Emerging trends: colon hydrotherapy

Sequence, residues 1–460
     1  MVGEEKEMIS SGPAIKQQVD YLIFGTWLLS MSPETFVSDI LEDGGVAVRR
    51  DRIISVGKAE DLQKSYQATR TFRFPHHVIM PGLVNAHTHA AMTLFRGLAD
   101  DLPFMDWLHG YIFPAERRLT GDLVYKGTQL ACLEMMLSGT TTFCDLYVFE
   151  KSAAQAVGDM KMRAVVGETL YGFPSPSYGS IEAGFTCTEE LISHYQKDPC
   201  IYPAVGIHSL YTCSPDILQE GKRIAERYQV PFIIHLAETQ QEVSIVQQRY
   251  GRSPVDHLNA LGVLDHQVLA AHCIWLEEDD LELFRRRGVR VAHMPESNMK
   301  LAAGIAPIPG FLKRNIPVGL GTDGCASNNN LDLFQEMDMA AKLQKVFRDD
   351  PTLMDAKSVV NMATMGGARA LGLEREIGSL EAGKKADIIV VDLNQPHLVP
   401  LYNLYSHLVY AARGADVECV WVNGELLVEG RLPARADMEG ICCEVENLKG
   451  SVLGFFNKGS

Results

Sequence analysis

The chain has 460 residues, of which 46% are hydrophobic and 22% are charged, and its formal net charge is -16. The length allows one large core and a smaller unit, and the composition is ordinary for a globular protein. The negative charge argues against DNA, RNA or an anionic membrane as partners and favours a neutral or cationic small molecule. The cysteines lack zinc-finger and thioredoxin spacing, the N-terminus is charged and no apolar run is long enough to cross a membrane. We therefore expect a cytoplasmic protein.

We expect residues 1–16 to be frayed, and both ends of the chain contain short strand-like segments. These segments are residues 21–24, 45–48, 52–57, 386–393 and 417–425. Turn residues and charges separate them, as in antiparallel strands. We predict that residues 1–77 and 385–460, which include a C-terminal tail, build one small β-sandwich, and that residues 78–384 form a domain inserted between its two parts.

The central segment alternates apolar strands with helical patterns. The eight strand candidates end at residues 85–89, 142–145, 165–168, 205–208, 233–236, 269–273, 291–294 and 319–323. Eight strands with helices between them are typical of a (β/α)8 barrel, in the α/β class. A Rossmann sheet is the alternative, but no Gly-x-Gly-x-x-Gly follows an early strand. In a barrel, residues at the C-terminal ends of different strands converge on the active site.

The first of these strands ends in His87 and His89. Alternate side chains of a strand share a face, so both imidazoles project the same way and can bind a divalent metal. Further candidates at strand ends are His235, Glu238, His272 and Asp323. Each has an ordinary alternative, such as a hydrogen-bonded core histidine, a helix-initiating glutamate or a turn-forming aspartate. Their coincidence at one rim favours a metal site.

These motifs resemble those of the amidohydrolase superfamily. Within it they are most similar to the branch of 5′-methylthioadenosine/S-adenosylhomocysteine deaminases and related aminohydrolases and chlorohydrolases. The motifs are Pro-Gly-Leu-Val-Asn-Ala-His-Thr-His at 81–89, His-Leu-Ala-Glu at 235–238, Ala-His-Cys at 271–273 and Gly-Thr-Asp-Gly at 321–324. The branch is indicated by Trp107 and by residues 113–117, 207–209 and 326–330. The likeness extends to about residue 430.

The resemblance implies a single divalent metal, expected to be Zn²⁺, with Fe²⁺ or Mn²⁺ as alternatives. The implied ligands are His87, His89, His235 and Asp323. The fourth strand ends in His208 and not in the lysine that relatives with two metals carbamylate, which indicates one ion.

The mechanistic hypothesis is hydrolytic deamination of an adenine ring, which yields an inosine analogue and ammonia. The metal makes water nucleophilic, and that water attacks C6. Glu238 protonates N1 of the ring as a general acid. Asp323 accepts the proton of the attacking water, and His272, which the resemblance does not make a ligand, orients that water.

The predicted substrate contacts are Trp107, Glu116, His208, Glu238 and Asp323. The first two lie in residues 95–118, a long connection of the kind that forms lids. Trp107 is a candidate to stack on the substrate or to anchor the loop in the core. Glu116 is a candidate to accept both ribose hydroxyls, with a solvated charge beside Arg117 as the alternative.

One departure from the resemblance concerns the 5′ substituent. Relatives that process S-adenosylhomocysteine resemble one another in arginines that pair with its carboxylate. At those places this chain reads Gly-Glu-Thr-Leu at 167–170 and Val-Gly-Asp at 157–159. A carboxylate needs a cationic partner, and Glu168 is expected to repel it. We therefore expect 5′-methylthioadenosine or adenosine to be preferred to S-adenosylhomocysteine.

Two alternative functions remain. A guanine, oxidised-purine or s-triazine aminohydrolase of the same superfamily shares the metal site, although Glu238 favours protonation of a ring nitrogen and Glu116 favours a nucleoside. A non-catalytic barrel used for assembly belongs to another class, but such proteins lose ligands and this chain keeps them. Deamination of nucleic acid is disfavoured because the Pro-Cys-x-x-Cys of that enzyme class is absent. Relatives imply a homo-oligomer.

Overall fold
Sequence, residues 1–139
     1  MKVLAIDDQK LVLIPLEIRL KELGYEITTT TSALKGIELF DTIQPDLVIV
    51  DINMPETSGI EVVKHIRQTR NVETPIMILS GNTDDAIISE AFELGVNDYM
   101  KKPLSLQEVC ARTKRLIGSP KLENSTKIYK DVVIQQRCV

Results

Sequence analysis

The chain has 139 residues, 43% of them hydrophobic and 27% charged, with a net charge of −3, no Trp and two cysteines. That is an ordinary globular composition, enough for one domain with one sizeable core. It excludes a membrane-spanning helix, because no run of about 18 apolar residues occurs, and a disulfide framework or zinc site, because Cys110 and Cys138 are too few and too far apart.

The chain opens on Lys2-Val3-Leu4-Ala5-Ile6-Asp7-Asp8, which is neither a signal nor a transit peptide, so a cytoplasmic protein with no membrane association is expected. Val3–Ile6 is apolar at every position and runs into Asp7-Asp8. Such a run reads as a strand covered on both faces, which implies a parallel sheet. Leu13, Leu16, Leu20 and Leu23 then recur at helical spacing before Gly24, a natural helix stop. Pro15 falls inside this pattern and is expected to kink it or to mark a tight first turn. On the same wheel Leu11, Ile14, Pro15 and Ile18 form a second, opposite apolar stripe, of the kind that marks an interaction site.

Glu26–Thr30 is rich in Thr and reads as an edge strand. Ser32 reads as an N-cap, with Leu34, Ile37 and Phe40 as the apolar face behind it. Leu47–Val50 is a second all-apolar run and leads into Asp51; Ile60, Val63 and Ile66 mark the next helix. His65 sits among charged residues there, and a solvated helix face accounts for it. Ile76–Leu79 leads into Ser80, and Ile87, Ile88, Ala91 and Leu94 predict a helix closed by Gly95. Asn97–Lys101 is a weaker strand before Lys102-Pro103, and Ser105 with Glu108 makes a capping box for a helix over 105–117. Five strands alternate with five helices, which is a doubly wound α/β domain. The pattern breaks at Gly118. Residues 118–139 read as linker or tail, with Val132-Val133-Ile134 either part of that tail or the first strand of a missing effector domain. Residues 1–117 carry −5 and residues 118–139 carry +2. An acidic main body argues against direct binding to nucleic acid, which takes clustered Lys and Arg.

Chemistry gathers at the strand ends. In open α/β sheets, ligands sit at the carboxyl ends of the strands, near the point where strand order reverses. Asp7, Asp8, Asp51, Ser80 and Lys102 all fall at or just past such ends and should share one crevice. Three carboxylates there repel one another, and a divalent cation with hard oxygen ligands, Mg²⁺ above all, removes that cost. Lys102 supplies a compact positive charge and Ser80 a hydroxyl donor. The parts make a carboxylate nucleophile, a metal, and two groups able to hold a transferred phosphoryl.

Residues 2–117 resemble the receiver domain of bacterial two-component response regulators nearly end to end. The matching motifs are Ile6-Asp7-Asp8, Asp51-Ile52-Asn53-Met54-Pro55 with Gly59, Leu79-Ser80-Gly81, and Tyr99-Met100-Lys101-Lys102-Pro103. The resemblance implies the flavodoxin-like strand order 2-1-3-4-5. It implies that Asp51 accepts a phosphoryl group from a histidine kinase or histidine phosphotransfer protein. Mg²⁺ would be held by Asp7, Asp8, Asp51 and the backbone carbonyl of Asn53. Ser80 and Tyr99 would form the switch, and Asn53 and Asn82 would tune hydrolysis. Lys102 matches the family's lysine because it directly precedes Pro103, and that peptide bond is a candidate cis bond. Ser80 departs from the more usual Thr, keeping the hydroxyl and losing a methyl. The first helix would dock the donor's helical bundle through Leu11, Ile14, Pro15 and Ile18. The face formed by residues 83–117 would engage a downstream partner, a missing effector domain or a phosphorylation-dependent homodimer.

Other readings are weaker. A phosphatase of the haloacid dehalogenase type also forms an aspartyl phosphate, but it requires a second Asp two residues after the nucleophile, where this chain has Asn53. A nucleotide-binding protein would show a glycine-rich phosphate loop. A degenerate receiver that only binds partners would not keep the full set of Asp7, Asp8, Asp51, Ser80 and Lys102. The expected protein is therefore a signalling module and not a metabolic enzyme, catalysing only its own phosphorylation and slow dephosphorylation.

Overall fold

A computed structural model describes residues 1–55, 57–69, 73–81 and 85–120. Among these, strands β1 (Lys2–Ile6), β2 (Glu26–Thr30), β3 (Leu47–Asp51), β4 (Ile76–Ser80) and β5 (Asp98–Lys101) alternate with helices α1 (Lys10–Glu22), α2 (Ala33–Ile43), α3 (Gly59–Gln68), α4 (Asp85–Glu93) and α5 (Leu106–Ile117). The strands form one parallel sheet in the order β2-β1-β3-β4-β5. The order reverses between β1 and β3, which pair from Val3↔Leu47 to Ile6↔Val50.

A buzz word that is heard frequently nowadays is detox. Health conscious people are becoming more and more aware of the need to remove toxic chemicals, heavy metals and pesticides from their bodies and thus many are investigating options for detoxification. Colon hydrotherapy is becoming increasingly popular as a means of achieving this. The colon (large intestine) is the end portion of the digestive tract. It is approx 1.6 metres long and approx 62 mms wide. The main functions of the colon are absorption of water and minerals, and the formation and elimination of fecal matter. So what is colonic hydrotherapy and why should we be aware of it? Very simply, colon hydrotherapy is an extended and more complete form of enema and involves a gentle infusion of warm filtered water into the rectum to cleanse above the natural defecation area right up to the caecum where the colon joins the small intestine. Colonics is not a new therapy; the technique was recorded by the Egyptians as far back as 1500 BC. The Chinese are believed to have used it long before then as did Ayurvedic medicine in India. In the early 1900s Dr. John H. Kellogg (of cornflakes fame) extensively used colon therapy on some 40,000 of his patients. In a 1917 edition of the Journal of American Medical Association (JAMA) Dr. Kellog reported that in over 40,000 gastrointestinal disease cases, he had used surgery in only 20. The rest were helped as a result of cleansing the bowels, diet and exercise. Dr Joseph Waddington, another advocate of colon hydrotherapy during the 1930s, had this to say. “Abnormal functioning of the intestinal canal is the precursor of much ill-health, especially of chronic disease. Restoration of physiological intestinal elimination is often the important preliminary to eventual restoration of health in general.” Important source of ill health Dr James Wiltsie, who also practised in the early part of last century, said, “Our knowledge of the normal and abnormal physiology of the colon and its pathology and management has not kept pace with that of many organ systems of the body. As long as we continue to assume the colon will take care of itself, we will remain in complete ignorance of perhaps the most important source of ill health in the whole body.” This brings us to what I believe is the most profound statement ever made regarding human health. A man called Hippocrates, regarded today as the father of medicine, said 2,500 years ago, “All disease begins in the gut”. When we consider that approx 80 percent of our immune response is activated from our intestines, the relevance of what Hippocrates said becomes very clear. Recently, in England, 1,000 people were questioned about their knowledge of the bowel and in particular bowel cancer. When asked which parts of the body could be affected by cancer only 10 percent included the bowel. When asked specifically if the bowel was a place you could get cancer only 43 percent said yes. Given that colorectal cancer or bowel cancer is the second most common site of cancer for both men and women, this is surprising. Here’s another statistic that might be even more surprising: in New Zealand – our supposedly clean, green country – the incidence of colorectal cancer is the highest among developed nations with 1,100 deaths from the disease each year. Why is this? There are undoubtedly many reasons but one that I am particularly concerned about relates to environmental toxins. We spray our pastures with tons of pesticides and herbicides, the cattle graze on the pastures and we eat the meat and drink the milk. The American Cancer Society has provided evidence in recent years which suggests that environmental agents, such as insecticides, herbicides, preservatives in food, hormones, antibiotics fed to livestock and petroleum by-products may play a greater role in the predisposition to colon cancer than we have been aware of.  Incomplete digestion Putrification of animal protein in our colon due to incomplete digestion and compromised elimination is a real problem for most of us. When we add in the countless other toxic chemicals we breathe in and absorb through our skin, it is not difficult to see how major problems can develop. Over time, fecal matter becomes impacted on the walls of the colon and in diverticula (small herniated pouches that protrude from the wall of the colon). Every toxin we come into contact with can be stored there, constantly being released back into the blood stream and on to the liver, which is often struggling with the process of dealing with toxic prescription drugs. This is known as auto-intoxification. In Atlanta, Georgia, a woman having a colonic released a significant amount of barium. She was given barium as a seven-year old child, nearly half a century earlier. Today, even the average person could be storing up to 5 kgs of dried fecal matter in their colon! Modern toilets have a lot answer for – as they have got progressively higher, efficient elimination of waste has become more difficult due to kinking of the sigmoid section of the colon (the last part before the rectum). While they can occur in other parts of the bowel, a British Study found that diverticula are most common in the sigmoid section. In western countries the presence of diverticula was estimated to affect 10 percent of people in the 1920s and today the figure is believed to be 50 percent. Diverticulitis is a condition that manifests when the diverticula become inflamed. Colon connection As you will see from the diagram, every system and organ of the body is connected to the colon by reflex points. Dr Bernard Jensen in his famous “Guide to Better Bowel Care” talks about spending many years studying bowel reflex and he is well known for his explanation of Neural-arc reflex. He says, “By the second week of formation, the human embryo takes the shape of a primitive ‘gut’ tube and its nervous system begins to form. This means that the bowel tissue and nerve tissue are intimately related. By the fourth week, buds such as the lung bud and liver bud begin to bulge out from the gut and nerve tissue. By the sixth week most of the organs begin to form. These organs I noticed are covered with a membrane made up of the same tissue that formed the bowel and nerve tissue. That’s when I realised that the tissue of the primitive gut surrounds each organ with a membrane. All of a sudden it came to me. This is how the genetic weaknesses of the mother and father are passed down to the children. Where the bowel has an inherent weakness, the organ that developed from that area of the bowel also has an inherent weakness.” I hope you are now beginning to understand just how important it is to have a healthy, functioning colon. Very simply – an under-active colon full of toxic waste invites disease. Today, as people look for alternatives to over-prescribed, and often consequential drug therapy regimens, they are once again discovering the benefits of the natural alternative to maintaining a healthy and viable colon. Recently in Auckland a number of clinics specialising in colonic treatments have opened and no doubt they will pop up in other cities and towns very soon. However, colon hydrotherapy should not been seen as a cure-all and there are people for whom it may not be appropriate. Every aspect of a treatment should be discussed with an appropriately qualified therapist.